Girls throwing themselves at me on two continents. Before I hit it, that’s what I always wanted. But just when I got it, I didn’t want it anymore. I’d found somebody.” The sweet lament comes from James Carroll Jordan, 28, who by virtue of Rich Man, Poor Man and his current Wheels has become a TV miniseries idol. He does indeed have a growing corps of female admirers. The “somebody” who’s keeping them afar is actress Penny Peyser, 27, now Mrs. James Carroll Jordan. So much for her husband’s harem.
So much also for any illusions Peyser might once have had about love at first sight. She was playing Ramona Scott to his Billy Abbott in Rich Man, Book Two, she recalls, when one day, “As we left the set Jim slapped me on the ass with his script, and I thought, ‘That sonofabitch—he thinks he can have any girl he wants.’ ”
“It was just as well she felt that way,” says Jordan. “The script called for me to taunt her and she made that easy. When we had to kiss I planted a big one on her, just to irritate her. I wasn’t going to date actresses anyway. You know how actresses are.”
“The same way actors are,” sniffs Peyser.
They were five episodes into the series, and Billy was about to steal Ramona from his own step-brother, before Jordan asked Penny out. It was not until they had shot the eighth (Ramona and Billy were already pretty cozy) that they fell in love.
Jordan didn’t realize it until he was on a Rich Man promo tour in Amsterdam (“every bachelor’s dream”). “I was offered coke, hash and a couple of blondes,” he recalls. “But I didn’t want any of it. I was sure I’d be 30 before I was married, and I’d always liked much younger busty blondes. So I end up with a small-breasted brunette my own age. But she has great legs.”
At the time Peyser was still adjusting to Hollywood after moving out, full of qualms, from New York and the off-Broadway theater. ” ‘You might as well work in a used-car lot as go to California’ was the game we all played,” she laughs. “I snuck out of town.”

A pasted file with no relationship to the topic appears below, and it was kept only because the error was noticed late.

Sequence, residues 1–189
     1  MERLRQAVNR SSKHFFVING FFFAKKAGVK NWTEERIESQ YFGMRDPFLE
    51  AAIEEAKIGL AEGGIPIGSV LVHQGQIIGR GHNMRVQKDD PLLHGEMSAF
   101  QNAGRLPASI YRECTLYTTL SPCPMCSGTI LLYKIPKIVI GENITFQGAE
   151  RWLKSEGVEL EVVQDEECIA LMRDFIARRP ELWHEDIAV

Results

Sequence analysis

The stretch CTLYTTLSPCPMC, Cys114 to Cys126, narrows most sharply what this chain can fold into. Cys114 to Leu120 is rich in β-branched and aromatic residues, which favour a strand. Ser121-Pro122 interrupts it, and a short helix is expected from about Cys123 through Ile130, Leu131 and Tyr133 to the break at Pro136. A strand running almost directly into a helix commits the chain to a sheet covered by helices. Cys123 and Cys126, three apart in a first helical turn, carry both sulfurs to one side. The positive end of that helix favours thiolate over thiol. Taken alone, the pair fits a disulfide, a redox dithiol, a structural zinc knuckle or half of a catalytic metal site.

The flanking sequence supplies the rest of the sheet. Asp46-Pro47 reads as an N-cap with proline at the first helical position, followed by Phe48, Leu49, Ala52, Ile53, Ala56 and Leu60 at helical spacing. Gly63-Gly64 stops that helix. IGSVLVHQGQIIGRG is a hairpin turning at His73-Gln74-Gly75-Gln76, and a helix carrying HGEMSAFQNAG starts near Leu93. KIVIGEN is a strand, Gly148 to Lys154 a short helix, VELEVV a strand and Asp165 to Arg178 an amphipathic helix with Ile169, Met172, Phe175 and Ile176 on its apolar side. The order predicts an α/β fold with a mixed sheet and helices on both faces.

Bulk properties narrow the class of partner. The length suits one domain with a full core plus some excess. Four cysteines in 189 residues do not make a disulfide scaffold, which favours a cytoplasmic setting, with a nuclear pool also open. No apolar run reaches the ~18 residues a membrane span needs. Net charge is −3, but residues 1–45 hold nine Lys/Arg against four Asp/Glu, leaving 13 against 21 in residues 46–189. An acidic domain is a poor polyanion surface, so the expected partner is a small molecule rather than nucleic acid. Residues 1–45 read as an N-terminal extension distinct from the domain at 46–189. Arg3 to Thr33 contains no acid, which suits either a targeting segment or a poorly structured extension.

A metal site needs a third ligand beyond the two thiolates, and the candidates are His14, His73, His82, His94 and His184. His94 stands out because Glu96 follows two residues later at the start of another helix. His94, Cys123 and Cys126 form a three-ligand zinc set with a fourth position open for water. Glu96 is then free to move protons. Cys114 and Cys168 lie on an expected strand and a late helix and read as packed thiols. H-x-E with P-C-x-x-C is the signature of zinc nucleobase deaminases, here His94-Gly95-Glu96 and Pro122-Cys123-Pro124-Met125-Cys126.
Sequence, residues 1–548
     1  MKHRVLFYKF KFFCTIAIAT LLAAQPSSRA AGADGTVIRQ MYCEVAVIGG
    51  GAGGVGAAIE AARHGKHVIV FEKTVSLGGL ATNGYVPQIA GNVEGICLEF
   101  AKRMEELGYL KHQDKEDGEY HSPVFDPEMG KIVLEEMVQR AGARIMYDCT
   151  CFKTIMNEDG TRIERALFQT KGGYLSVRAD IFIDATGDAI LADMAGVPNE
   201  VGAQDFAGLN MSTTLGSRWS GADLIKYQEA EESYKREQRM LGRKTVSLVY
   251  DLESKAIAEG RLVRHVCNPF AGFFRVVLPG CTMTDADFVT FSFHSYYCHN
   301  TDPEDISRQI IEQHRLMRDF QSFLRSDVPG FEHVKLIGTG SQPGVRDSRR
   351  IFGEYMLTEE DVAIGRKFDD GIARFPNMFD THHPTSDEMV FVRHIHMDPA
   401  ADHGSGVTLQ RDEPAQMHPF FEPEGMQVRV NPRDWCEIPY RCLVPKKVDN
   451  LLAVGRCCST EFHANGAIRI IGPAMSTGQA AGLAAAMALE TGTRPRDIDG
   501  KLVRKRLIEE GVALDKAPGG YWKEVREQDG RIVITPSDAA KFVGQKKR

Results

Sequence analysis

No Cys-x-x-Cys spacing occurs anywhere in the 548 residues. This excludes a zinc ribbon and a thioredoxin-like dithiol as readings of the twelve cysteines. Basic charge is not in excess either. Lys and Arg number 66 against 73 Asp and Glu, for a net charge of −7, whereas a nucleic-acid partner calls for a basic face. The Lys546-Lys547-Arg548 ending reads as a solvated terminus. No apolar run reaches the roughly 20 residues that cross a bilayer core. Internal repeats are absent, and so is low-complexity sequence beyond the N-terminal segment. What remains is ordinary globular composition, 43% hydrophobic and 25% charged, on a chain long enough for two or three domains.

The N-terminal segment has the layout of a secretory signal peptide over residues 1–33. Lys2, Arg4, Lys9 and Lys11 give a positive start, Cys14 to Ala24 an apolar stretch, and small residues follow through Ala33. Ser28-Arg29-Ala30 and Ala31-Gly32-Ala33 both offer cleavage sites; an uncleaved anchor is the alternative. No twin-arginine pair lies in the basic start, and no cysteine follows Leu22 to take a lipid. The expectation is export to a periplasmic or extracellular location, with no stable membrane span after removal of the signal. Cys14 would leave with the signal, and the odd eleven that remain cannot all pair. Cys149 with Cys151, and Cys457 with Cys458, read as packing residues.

Stagestruck since 6 when she saw Julie Andrews in My Fair Lady, Penelope Allison Peyser later mimicked the English star in a high school production of The Boy Friend. After graduation from Emerson College in Boston in 1972, she waitressed in Manhattan, was “a glorified chorus girl” off-Broadway and played in Hot L Baltimore.
What pushed her West was a 90-second role in All the President’s Men, which she won over the objection of Robert Redford, the film’s producer-star. Penny’s father, Peter, former mayor of their Westchester village of Irvington-on-Hudson, was a three-term Republican congressman, and Redford wasn’t keen on casting politicians’ daughters. Fortunately for her, Pop was a liberal Republican who had criticized Nixon early and was preparing to challenge Conservative James Buckley in the Senate primary. (He lost.) “I talked to Robert Redford about my father and Nixon,” says Peyser. “Dad was tainted after Watergate, like a lot of other Republicans.”
The argument convinced Redford and, armed with her film snippet (she played Charles Colson’s secretary), she moved to Hollywood. In two months she landed the Rich Man role.